Pulitzer Prizewinner James B. Stewart ’73 reflects on his time at DePauw


“Did I ever do a Boulder Run? No, never. It didn’t even come up as an issue.”
James B. Stewart ’73 may not have participated in the infamous sprint to the boulder, but his time at DePauw was far from lacking in memorable experiences.
Stewart is undoubtedly among the elite group of particularly noteworthy alumni whose accomplishments merit the university a special kind of pride. Stewart feels that his experiences at DePauw provided him with invaluable preparations that have played a large role in his success.
After graduating from DePauw, Stewart attended Harvard Law School, and soon after was offered a position at one of the most prestigious law firms in the nation. After realizing that he simply did not love his work enough to continue practicing law, his thoughts drifted back to his time at DePauw.
“The happiest I’d ever been was working as editor of The DePauw,” Stewart said in his commencement speech last year.
In pursuit of his love for writing, he was offered a job at The American Lawyer magazine and since then has become a best-selling author, a columnist for The New York Times and a Pulitzer Prizewinner for Explanatory Journalism.
Despite his remarkable career, Stewart still attributes a fair portion of his success story to his experiences at DePauw.
“When I went from DePauw to Harvard, I never felt intimidated,” Stewart said. “Sometimes, I felt even more prepared than others.”
Not only did Stewart feel that DePauw prepared him academically for the future, but he also feels that he was “well socialized.” Stewart said that as far as certain stereotypes go, he was probably “the intellectual, or even geek, but I was also sociable; it’s not like I didn’t have a good time.”
Similar to most over-committed DePauw students, Stewart was involved in a number of activities, providing him with the opportunity to meet all different types of people.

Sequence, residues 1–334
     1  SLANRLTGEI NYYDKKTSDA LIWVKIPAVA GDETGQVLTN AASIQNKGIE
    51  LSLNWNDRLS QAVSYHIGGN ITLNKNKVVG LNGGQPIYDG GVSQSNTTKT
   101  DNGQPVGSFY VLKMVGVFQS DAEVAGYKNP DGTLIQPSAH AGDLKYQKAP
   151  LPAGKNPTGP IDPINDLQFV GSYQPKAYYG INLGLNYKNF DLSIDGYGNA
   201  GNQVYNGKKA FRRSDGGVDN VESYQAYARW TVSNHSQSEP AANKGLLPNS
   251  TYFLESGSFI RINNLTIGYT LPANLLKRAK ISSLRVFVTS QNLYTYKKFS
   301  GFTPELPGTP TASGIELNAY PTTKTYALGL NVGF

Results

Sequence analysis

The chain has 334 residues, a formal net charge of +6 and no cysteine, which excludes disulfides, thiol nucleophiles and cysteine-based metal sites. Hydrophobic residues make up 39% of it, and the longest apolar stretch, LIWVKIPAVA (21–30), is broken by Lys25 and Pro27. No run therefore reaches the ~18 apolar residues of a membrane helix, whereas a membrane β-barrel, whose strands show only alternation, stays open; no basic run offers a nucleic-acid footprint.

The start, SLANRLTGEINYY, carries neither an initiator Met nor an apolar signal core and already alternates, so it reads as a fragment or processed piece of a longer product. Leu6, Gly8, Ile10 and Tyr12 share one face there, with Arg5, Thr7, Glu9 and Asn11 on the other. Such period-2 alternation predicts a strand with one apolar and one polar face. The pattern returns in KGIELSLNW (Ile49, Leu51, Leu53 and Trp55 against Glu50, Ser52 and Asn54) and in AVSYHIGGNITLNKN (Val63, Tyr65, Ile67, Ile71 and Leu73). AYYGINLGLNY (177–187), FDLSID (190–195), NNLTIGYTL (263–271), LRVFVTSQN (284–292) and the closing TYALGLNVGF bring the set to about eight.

“I was always busy,” he said.
In addition to being the editor-in-chief of The DePauw, Stewart also played the piano, and participated in intramural swimming and golf. He was the social chairman of his fraternity, Delta Chi, and he studied abroad in Freiburg, Germany the second semester of his junior year.
Once he returned to DePauw after his semester abroad, Stewart became the editor-in-chief of The DePauw for the first semester of his senior year. The following semester, he found that he was a little less busy than he had been in previous semesters and set an interesting goal for himself.
“I made a vow to introduce myself to every person I thought was interesting but had never met,” Stewart said.
As a result, he made a lot of new friends and said that it was probably his best semester at DePauw.
“I gained a lot of confidence through my experiences,” Stewart said.
There was one specific DePauw memory that stood out to him the most. He had a political theory class that he said was always conducted very formally. It was his hardest course, but also his favorite. During senior week, the professor invited the class over to his house for dinner.
“It was the first time a professor treated me as an equal and truly appreciated what I had to say, and not because he had to…I was thrilled,” Stewart said.
Along with that political theory class, American literature and a studio art class were some of his other favorite classes.
“One of my good friends and I were the only non-art majors in there,” Stewart said. “We had a great time staying up all night, just slapping paint around. I never would have taken a class like that if I wasn’t at a place like DePauw, but it was a great experience.”
James B. Stewart, or “Jimmy Ben” – the elementary school nickname that he says unfortunately resurfaced somehow in college – was an active, outgoing, and diligent student during his four years at DePauw. He has achieved an extraordinary amount of success and still emphasizes that many of these accomplishments can be traced back to his experiences as an undergraduate student at DePauw.